Doolittle Raiders 65th anniversary kicks off at Randolph

  • Published
  • By By Staff Sgt. Jeremy Larlee
  • Air Force News Agency
The 65th anniversary reunion of the Doolittle Raiders launched with an opening ceremony attended by more than 250 spectators April 17 here.

The ceremony included several short speeches from Randolph Air Force Base leadership and the Doolittle Raiders' historian and manager. 

Second Lt. Austin Haygood, who is attending navigation training here, said he first heard about the raiders in high school and it was a great honor to see them in person.
"It's awesome to be in the same hangar as these historical greats," he said. "They made that first strike when no one thought it was possible. Their bravery and dedication is inspiring."

On April 18, 1942, Lt. Col. James H. "Jimmy" Doolittle and a select team of 80 pilots, gunners, navigators and bombardiers of B-25 Mitchell bombers were assembled to execute a surprise attack over the islands of Japan. The attack raised the morale of the nation after the sneak attack at Pearl Harbor Dec. 7, 1941.

Seven of the 14 remaining raiders attended the ceremony as well as their famous goblets. The 80 goblets, one for each raider, are an integral part of the reunion. In a special ceremony, each year, goblets are turned upside down when a raider passes away. The goblet ceremony has been practiced since 1959.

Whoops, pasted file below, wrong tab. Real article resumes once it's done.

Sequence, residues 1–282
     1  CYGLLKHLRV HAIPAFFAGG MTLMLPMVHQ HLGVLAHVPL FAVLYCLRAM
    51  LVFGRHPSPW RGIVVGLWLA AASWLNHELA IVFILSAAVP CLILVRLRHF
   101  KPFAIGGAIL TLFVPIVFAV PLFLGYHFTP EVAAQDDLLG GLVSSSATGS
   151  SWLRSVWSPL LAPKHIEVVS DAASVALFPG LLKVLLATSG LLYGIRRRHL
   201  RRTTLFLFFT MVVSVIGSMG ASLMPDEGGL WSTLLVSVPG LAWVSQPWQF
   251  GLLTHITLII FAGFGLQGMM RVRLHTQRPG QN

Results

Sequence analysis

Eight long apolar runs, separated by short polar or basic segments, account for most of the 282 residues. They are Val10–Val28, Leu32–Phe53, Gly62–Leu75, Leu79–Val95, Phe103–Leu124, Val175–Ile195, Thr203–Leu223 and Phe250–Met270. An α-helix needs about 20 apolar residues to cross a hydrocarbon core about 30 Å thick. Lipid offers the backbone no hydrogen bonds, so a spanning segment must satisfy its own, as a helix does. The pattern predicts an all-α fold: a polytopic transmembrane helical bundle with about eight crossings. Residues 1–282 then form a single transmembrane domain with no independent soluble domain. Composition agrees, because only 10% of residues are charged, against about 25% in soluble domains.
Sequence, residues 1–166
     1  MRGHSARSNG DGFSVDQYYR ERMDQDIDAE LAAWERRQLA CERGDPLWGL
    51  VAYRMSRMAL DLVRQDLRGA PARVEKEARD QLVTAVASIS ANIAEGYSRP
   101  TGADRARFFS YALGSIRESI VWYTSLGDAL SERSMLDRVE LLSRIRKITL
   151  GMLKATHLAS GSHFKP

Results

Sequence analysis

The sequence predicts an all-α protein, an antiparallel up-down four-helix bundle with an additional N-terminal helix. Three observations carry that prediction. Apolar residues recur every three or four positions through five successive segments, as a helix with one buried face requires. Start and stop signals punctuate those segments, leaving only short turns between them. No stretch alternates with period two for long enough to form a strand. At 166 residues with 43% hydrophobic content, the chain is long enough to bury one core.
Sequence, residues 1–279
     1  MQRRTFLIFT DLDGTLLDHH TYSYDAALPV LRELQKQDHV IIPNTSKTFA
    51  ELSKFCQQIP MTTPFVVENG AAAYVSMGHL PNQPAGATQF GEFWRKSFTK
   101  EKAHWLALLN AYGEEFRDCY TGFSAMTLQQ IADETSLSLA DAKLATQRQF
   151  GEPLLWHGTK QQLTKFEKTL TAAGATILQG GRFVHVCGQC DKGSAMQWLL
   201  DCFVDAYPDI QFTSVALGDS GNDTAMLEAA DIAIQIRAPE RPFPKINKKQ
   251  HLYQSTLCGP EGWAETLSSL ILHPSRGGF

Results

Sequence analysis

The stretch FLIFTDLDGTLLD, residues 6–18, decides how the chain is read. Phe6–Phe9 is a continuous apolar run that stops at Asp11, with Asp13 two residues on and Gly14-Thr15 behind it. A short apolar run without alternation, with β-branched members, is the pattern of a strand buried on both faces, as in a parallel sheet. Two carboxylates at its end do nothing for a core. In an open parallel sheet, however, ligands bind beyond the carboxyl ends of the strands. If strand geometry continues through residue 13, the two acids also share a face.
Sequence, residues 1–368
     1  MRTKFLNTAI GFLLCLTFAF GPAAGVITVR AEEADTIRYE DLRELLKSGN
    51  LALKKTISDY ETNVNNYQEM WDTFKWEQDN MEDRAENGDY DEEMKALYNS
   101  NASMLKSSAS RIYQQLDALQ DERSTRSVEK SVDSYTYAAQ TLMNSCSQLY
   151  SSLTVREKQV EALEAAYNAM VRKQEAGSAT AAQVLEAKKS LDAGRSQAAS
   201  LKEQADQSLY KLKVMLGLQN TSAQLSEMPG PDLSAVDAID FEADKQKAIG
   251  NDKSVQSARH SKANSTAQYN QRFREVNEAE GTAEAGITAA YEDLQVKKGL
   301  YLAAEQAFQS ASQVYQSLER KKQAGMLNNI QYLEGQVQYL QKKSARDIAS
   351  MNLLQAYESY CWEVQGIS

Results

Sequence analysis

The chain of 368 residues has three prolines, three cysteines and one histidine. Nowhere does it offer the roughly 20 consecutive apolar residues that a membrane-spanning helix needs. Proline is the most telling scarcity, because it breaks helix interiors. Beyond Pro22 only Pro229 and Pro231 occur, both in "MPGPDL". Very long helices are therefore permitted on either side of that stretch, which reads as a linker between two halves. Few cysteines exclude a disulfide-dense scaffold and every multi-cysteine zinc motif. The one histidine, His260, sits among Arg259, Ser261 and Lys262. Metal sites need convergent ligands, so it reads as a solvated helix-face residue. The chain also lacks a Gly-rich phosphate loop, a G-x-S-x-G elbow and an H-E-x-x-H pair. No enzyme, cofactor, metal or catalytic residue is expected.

The goblets were not the only piece of history at the event.

Shining in the background of the ceremony was the aircraft they flew on the raid, the B-25. The aircraft was flown to Randolph AFB by Doug Rozendaal, a civilian pilot. The pilot said this is the fourth Doolittle Raiders reunion he has participated in, and he never misses a chance to honor the heroes.

"It is a tremendous honor and a great opportunity to be a part of this," he said. "The responsibility we all have is that we make sure to keep their stories alive."

Retired Lt. Col. Richard Cole was one the raiders in attendance for the ceremony. He said that even after all of these years, he is still embarrassed to be singled out for his heroics. He said there were thousands of people in World War II who deserved to be recognized. 

Colonel Cole said he enjoys interacting with today's Airmen.

"I'm really impressed with this generation of Airmen," he said. "They are gung-ho, well educated and they really know their jobs. I don't worry about the future at all." 

Click here for Doolittle multimedia presentation.

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